Not only did the employee not find this funny, but she also refused to sell him the medicine.

Related:
She’s Suda-Fed Up

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Urine Big Trouble, Speed Racer

, , , , , | Legal | CREDIT: DCaplinger | November 29, 2020

I have the joy and honor of serving as the personal bailiff to one of the greatest judges I’ve ever had the chance to meet. Often, our court is so busy, it is just him and me in the courtroom for staff. I am the court bailiff, clerk, reporter, and probation officer. I also create about 90% of the forms we use.

One day, we have one of our regular customers in. I became very familiar with the young man well before I ever met him. Not only have I frequently entered new warrants for his arrest in the state system, but I also have the frequent occasion to be the dispatcher answering radio calls from pursuits he’s lead, and frequently evaded, our officers on.

On this particular day, he knows he is going to be drug tested (by me), which includes me physically having to watch him pee into a cup, on the side of which is a thermometer strip. He pulls out what appears to be a normal male appendage and starts to free urine into the cup. Once he has filled the cup to the indicated line:

Me: “You can finish up, and then wash your hands and meet me in the courtroom.”

Something isn’t right. The temperature of the fluid is not body temperature, at least not a normal one. According to the thermal strip, the liquid is close to 106 degrees F. As an EMT, I know that this would usually be a fatal body temperature, or at the absolute easiest, the person would be so feverish that they would not be able to hold their legs beneath them to stand. What is even weirder are the results. Now, we’re talking about a kid, about seventeen or eighteen, and I know his drug of choice is weed. Well, he doesn’t test positive for weed.

After I get back into the courtroom, I seal the test kit in a bag — normally, I throw them away — write down some information in his case file, and hand it to the judge. When I do, the judge scratches his left inside wrist and then his right inside wrist, our code for “get ready to arrest.” The judge calls the kid up, and I have him stand almost behind the court reporter’s bench, so I can cut him off if he tries bolting on foot.

Judge: “Are you feeling well?”

Kid: “I feel fine.”

Judge: “Well, according to your test kit, you’re running a very high fever, and you tested positive for MDMA and methamphetamines.”

MDMA is also called ecstasy.

I s*** you not, the kid rolls his eyes, reaches into his pants, yanks pretty hard a couple of times, and brings out a male-appendage-shaped apparatus that has a small bladder attached with a locking mechanism keeping the fluid from leaking out.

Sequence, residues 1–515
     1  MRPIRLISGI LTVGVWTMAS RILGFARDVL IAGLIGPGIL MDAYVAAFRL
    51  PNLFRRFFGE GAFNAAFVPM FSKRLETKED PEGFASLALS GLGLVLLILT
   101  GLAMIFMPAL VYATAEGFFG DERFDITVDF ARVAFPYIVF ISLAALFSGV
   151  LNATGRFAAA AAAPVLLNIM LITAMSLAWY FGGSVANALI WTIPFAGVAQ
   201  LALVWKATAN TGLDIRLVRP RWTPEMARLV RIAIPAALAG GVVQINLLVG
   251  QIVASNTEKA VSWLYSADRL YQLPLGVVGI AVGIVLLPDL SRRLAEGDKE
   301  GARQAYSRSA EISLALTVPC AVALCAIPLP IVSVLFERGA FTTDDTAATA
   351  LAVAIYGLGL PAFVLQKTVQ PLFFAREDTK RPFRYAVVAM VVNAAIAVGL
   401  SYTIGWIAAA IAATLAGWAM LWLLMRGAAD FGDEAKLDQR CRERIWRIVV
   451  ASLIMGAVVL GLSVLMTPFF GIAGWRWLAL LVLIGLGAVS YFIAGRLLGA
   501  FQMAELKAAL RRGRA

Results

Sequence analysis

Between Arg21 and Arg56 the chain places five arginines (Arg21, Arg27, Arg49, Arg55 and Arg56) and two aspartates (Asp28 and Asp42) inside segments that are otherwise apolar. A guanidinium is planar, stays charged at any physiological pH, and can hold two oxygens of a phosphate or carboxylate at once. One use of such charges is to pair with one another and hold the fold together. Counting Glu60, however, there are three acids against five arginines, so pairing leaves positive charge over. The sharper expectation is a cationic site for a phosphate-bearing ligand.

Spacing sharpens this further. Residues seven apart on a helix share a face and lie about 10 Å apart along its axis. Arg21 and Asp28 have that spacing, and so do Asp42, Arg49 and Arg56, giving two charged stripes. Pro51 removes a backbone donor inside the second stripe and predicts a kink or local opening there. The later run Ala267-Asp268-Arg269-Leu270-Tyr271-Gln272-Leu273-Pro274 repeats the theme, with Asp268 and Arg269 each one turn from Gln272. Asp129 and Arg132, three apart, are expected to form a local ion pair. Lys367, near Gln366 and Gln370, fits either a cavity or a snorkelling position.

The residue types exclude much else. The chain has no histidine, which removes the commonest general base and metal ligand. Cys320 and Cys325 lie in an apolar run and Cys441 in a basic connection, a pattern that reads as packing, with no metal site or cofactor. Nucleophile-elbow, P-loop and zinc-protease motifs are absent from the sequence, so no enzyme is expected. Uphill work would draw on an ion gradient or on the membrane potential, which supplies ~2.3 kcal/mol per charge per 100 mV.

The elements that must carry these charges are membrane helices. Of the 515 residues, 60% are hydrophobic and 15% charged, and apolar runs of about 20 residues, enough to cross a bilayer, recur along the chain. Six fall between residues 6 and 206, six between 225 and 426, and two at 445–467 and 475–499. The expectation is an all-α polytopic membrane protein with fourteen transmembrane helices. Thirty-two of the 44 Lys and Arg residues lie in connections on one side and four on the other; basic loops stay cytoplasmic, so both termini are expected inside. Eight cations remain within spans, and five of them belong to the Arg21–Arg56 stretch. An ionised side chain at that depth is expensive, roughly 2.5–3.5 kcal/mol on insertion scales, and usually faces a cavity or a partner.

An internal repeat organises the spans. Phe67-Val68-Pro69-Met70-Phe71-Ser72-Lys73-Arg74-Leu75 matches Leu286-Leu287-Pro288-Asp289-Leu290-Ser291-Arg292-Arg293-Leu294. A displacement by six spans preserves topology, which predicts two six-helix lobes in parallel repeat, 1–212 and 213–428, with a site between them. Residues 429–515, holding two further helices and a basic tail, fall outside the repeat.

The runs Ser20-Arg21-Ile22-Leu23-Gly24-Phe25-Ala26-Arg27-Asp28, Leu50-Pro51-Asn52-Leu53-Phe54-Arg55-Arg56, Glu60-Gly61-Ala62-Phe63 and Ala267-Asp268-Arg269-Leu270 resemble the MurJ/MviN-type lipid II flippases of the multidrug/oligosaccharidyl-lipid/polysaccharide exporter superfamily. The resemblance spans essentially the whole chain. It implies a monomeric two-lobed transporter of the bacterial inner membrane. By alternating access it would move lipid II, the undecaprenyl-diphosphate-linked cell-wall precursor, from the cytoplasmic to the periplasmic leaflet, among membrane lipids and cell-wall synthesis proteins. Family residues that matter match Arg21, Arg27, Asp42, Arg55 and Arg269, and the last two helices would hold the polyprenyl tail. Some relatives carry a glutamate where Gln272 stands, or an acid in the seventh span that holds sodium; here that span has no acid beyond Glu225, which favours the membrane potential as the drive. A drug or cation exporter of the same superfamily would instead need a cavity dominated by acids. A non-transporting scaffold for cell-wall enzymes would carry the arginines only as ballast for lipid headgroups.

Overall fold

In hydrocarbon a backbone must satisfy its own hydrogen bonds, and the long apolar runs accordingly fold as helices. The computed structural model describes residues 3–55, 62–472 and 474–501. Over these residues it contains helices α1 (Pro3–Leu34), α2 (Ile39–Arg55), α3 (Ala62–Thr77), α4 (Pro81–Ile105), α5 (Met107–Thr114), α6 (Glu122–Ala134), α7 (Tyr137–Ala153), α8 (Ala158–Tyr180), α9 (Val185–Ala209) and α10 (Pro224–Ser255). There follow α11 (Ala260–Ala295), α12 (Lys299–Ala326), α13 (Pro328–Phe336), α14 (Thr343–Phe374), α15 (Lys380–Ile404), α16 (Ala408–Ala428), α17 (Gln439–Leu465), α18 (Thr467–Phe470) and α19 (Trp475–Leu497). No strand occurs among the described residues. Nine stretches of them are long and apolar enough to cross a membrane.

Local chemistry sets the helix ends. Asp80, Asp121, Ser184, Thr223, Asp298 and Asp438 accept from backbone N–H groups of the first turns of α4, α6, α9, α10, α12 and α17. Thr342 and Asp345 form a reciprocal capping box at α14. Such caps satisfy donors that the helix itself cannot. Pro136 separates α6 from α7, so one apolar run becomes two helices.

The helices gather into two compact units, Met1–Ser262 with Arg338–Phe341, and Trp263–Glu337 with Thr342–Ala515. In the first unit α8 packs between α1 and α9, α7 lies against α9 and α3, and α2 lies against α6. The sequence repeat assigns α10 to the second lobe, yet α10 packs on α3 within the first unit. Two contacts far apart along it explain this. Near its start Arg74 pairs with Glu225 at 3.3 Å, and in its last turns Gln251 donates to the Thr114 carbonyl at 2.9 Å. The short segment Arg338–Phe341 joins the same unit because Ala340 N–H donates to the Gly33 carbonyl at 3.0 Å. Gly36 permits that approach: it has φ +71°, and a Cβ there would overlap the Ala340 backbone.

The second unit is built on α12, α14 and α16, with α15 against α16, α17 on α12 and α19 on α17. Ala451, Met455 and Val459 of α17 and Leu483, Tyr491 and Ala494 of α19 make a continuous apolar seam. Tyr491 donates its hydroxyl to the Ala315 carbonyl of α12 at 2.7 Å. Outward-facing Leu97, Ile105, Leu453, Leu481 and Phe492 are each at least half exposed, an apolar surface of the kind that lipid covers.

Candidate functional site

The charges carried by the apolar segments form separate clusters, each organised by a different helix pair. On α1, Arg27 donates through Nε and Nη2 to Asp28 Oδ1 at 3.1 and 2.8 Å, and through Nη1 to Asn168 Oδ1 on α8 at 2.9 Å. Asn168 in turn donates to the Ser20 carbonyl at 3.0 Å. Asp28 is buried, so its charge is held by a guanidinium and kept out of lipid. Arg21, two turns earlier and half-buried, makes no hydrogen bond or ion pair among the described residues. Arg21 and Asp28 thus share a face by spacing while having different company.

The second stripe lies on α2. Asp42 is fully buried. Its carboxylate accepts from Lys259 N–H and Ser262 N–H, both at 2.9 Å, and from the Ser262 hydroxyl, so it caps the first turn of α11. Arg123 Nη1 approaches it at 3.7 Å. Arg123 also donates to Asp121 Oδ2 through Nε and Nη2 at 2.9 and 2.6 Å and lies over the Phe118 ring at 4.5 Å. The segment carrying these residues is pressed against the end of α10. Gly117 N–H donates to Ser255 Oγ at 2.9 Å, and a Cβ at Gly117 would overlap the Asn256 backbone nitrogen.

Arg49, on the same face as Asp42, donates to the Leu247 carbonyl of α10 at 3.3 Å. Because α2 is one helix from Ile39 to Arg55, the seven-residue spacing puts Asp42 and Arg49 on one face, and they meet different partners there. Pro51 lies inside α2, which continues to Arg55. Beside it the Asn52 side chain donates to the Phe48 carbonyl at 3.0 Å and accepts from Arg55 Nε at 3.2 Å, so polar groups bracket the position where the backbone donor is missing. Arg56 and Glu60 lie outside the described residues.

He knew that such kits usually come back under temp, so he had it suspended in a half cup of coffee until he finally took it out and strapped it to his leg before entering the courtroom. The delicious irony is that he wasn’t careful who he got the urine sample from. All he asked was whether or not the donor had been smoking weed lately, not even thinking to ask about any other drugs.

I take him into custody, glove up and take hold of the device he left sitting on the reporter’s bench, and take him to jail. I will tell the jail staff that charges are pending, but he is to be held on PC of probation violation.

On the way to the jail, I turn to him. He isn’t a bad looking kid, and he didn’t have a bad upbringing, so I say something he isn’t expecting.

Me: “You know, I’ve known about you and your exploits for like five years or so now, but I have one major question.”

Kid: “What’s that?”

Me: “Have you ever given any serious thought to doing something positive with your life?”

Kid: “What could someone like me do?”

I look him in the eye.

Me: “Dude, you’ve been doing it for over five years. On the horrible dirt roads we have in this county, you still drive ’em like you’re Dale Earnhardt. Seriously, kid, you should think about making an honest career as a racecar driver.”

He kind of laughed me off, but I was 100% deadly serious. The kid could drive. For him to drive so well he could evade multiple-car pursuits at high speed, on winding, poorly-maintained dirt roads, surely he’d be no match for an oval circuit. I even offered to put in a word for a local racing team, whose owner I knew.

Sadly, the kid never took me up on my offer and just sank further and further into the quagmire of the justice system, ultimately spending time in a state pen for his actions. I still maintain that he would have made one h*** of a racecar driver.

For clarification, he did not get put in jail for drug charges. He got put in jail for a probation violation on one of his high-speed pursuits. We can’t charge a person for testing positive for marijuana, except if it’s one of the terms of their probation with the court.